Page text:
Since 2010, PVV has been developing a distinct economic discourse. During his time as Liberal Party MP, Wilders was the strident advocate of tax cuts. Whilst PVV does advocate cutting taxes, it has also layered its social-economic message with new proposals. During the last decade’s economic crisis, most established parties have advocated budget cuts and welfare state reforms, such as raising the retirement age, liberalising the labour market, and introducing more out-of-pocket spending in healthcare. PVV, which used to be the most right-wing party in the Dutch parliament, strongly opposed these reforms, with their only ally being the Socialist Party. This has upset the Dutch political landscape. Economic issues are debated as much along a pro-reform/anti-reform faultline (with the Socialist Party and the Freedom Party versus the mainstream parties) as along a left-right dimension. PVV does not support many proposals to extend welfare state protection, seeking instead to protect the interest of the ‘insiders’ of the welfare state – older, white men – by preserving the Dutch welfare state in its current form. Here, again, they also see an external threat. The Dutch welfare state in their eyes cannot be combined with being an immigration country, as immigrants can easily move to the Netherlands and exploit its social services.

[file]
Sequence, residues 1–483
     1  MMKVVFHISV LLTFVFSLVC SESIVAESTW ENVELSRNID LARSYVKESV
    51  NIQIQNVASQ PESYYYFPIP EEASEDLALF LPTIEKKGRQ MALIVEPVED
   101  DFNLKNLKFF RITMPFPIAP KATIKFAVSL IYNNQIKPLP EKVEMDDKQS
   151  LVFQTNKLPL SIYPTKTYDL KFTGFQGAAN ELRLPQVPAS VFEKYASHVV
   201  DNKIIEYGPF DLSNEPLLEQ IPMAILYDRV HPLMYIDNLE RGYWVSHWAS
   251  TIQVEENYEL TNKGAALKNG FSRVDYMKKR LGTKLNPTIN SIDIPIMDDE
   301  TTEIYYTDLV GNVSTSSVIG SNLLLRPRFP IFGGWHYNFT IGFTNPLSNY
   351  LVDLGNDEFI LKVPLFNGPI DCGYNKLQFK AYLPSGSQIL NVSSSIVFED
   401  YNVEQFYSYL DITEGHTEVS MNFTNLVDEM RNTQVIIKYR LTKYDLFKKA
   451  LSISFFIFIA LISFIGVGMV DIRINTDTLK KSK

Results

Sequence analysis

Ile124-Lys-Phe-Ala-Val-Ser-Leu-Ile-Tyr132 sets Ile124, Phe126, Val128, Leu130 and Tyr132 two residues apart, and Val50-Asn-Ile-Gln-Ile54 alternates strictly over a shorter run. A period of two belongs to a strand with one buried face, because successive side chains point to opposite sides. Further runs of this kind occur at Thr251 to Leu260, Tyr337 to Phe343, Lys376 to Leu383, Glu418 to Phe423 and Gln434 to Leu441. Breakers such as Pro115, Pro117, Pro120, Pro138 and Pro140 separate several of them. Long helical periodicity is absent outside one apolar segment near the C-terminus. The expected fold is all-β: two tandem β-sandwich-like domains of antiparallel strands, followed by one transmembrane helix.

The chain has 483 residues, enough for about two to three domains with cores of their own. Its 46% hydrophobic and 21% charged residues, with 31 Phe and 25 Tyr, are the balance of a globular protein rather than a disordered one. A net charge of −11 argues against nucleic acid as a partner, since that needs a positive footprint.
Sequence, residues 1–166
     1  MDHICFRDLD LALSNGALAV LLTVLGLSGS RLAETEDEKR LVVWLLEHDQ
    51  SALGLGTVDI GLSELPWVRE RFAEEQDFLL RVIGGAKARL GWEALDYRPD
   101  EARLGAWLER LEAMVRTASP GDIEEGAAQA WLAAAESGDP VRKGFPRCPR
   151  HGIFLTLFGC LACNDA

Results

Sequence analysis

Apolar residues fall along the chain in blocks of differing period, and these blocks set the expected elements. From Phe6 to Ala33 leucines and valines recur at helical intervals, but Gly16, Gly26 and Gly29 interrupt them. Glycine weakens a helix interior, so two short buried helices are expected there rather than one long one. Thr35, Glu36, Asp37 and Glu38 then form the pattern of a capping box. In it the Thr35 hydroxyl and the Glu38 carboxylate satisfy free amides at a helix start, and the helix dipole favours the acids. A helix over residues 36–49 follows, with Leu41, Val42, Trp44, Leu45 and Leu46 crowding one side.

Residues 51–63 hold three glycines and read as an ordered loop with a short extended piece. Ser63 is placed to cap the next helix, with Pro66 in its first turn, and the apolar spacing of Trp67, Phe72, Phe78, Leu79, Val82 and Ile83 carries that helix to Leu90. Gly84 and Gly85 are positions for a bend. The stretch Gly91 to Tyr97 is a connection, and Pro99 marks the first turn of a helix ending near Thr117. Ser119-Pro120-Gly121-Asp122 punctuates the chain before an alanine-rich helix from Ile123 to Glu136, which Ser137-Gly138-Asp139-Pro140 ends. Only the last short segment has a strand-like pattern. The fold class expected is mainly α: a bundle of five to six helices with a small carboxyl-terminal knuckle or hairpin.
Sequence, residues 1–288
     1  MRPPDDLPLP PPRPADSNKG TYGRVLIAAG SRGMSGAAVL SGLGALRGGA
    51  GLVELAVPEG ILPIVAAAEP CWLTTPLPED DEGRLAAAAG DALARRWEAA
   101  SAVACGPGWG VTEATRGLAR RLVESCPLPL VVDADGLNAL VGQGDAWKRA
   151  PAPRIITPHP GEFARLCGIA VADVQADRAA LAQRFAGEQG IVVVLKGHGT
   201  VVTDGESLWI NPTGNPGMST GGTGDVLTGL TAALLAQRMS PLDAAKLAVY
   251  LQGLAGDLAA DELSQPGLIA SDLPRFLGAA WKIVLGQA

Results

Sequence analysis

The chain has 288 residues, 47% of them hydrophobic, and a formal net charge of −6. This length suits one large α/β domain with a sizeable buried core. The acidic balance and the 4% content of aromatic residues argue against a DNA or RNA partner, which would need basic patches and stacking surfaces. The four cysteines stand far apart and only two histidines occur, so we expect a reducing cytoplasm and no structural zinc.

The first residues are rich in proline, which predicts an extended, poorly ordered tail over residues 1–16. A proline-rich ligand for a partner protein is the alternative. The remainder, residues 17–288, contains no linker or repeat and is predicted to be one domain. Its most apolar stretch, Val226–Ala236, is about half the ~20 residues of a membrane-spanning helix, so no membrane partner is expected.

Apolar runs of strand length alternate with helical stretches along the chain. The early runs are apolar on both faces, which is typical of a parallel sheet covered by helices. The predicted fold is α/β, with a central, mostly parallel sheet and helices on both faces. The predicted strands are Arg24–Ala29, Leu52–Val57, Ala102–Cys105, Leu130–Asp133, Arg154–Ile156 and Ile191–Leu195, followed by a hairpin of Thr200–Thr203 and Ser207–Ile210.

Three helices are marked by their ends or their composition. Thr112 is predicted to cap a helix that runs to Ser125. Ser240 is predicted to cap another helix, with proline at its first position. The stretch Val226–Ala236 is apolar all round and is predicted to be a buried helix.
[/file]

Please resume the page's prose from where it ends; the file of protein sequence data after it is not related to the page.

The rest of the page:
Given the international rise of radical right-wing populism, it is easy for the Left to cast the Freedom Party as a radical threat to Dutch society. One could also argue, on the basis of its cultural liberalism, its opposition to welfare state reform, and its defence of Dutch democracy, that the Freedom Party mirrors the Dutch Left. Indeed, the Freedom Party’s ideologue, Martin Bosma, has proposed that the Freedom Party is as much an heir to the Dutch social-democratic tradition as it is to the Dutch liberal tradition. The Freedom Party also courts secular working voters who ‘traditionally’ belonged to social-democrats. In traditional social-democratic areas like Rotterdam and working class districts, the party polls quite well. Even among union members the party has considerable results.
Radicalisation in Opposition
Between 2010 and 2012, the Freedom Party supported the centre-right minority cabinet. After 2012, the party went into opposition facing a Liberal-Labour coalition. In that period, the Freedom Party’s ideological development has only one distinct direction: radicalisation. In order to monopolise media attention, the Freedom Party has taken increasingly extreme positions